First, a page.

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Int J Impot Res. 2009 Jan-Feb;21(1):62-7. doi: 10.1038/ijir.2008.61. Epub 2008 Dec 11.

Evidence for a genetic etiology to ejaculatory dysfunction.

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  • 1Department of Psychology, Center of Excellence in Behavior Genetics, Abo Akademi University, Turku, Finland. pjern@abo.fi

Abstract

A number of theoretical approaches to understanding the etiology of ejaculatory dysfunction have been proposed, but no study has yet found conclusive evidence that premature (PE) or delayed (DE) ejaculation is under genetic control. We conducted twin model fitting analyses on different indicator variables of ejaculatory function on a population-based sample of 3946 twins and their siblings (age 18-48; mean=29.9 years) to investigate genetic, shared environmental and unique environmental effects on PE and DE. A significant moderate genetic effect (28%) was found for PE. No clear-cut familial effect could be detected for DE. Significant associations between ejaculatory function and age were detected, but effects of age were generally very weak. The findings from the present study provide useful information regarding the etiology and understanding of ejaculatory dysfunction.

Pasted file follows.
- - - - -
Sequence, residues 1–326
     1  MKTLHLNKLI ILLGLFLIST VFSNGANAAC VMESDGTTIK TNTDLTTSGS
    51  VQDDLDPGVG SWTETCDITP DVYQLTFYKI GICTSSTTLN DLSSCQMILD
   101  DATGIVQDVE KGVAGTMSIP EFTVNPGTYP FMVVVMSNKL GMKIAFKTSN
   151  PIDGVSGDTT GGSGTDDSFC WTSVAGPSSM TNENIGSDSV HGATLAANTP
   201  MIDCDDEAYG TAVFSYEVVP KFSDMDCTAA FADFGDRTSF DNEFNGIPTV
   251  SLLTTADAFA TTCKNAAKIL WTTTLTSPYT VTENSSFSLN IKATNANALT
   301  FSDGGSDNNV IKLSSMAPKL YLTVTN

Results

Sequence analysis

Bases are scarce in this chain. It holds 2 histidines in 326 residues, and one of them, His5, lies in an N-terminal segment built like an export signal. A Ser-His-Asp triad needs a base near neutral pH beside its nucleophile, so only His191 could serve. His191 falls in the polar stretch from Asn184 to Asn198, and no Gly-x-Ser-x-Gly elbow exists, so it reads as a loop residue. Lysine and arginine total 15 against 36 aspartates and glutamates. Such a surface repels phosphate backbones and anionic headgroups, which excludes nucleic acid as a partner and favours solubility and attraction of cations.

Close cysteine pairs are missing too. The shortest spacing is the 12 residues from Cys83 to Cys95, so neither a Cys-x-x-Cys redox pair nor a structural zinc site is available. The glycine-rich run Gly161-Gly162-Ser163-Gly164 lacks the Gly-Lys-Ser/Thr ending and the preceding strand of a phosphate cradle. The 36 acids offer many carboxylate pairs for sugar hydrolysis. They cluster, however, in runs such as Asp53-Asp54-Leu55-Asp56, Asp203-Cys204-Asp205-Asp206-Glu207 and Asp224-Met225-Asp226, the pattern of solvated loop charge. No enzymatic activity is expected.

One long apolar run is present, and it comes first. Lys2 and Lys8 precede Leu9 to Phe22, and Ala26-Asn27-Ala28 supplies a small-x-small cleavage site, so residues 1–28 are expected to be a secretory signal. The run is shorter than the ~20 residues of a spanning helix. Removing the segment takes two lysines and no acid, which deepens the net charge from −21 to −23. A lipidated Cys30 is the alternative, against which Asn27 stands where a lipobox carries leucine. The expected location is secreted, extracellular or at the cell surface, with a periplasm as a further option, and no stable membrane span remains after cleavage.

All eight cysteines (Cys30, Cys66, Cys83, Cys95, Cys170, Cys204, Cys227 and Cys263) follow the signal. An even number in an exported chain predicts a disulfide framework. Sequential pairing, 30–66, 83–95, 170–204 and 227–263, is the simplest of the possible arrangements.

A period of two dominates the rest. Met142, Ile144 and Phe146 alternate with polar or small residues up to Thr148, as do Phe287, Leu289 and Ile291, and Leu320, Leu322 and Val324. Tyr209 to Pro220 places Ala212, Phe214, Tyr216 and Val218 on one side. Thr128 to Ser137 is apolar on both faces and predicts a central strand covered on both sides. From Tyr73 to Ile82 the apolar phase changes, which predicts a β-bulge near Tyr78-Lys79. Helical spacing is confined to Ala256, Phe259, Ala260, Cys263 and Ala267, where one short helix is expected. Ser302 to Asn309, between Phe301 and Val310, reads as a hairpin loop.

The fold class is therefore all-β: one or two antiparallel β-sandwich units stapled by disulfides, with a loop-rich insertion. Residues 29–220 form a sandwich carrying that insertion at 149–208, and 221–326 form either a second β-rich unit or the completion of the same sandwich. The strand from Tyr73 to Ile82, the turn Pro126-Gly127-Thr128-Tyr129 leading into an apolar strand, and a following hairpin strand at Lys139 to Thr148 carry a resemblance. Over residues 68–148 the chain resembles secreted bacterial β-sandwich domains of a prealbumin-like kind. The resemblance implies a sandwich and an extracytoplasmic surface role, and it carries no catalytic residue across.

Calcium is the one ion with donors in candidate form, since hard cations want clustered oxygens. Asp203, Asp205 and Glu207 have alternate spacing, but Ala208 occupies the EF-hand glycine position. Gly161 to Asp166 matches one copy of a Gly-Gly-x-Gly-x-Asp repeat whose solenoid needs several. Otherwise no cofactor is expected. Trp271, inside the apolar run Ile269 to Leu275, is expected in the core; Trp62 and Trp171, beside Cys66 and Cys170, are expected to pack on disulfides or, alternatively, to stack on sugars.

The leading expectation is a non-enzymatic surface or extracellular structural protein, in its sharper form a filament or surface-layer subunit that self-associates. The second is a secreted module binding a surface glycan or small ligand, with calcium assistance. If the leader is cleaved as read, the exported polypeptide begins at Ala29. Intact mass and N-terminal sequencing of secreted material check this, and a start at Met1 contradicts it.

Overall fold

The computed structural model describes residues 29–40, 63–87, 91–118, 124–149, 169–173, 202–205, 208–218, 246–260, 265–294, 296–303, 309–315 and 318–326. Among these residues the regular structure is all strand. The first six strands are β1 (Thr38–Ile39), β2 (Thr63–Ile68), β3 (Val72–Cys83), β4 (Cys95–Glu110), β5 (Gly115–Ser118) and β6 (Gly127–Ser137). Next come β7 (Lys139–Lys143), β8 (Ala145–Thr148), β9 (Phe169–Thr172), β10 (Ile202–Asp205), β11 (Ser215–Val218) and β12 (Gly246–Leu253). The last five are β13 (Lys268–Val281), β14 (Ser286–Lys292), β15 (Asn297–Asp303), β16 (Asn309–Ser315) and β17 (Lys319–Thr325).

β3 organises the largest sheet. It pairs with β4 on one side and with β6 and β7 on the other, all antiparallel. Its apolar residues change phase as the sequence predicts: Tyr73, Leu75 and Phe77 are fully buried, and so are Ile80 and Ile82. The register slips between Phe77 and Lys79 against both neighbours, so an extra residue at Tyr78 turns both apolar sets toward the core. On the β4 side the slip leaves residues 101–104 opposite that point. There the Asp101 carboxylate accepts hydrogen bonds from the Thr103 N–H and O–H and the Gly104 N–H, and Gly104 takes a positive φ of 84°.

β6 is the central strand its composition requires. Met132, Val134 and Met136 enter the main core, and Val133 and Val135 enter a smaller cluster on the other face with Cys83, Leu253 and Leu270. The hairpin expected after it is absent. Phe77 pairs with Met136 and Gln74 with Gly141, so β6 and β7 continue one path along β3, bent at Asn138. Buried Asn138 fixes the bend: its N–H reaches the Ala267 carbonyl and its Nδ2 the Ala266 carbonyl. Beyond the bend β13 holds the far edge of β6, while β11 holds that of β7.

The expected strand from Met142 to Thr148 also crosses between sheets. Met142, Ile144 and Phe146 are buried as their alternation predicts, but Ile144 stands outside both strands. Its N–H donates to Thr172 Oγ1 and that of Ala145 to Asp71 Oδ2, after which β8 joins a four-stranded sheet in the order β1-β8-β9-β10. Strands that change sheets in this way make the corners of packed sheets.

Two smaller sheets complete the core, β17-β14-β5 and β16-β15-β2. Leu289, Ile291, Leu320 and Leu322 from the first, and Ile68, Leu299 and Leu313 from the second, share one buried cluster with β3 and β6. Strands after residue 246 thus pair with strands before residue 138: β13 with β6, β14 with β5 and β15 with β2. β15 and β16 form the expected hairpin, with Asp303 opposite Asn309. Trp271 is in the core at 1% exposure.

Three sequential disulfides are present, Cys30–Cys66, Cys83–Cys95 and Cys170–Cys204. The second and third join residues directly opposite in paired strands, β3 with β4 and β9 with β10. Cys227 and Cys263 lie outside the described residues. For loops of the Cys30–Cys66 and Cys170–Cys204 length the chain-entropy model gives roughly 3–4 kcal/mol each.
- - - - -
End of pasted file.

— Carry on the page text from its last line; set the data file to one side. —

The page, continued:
PMID:
19078969
[PubMed - indexed for MEDLINE]
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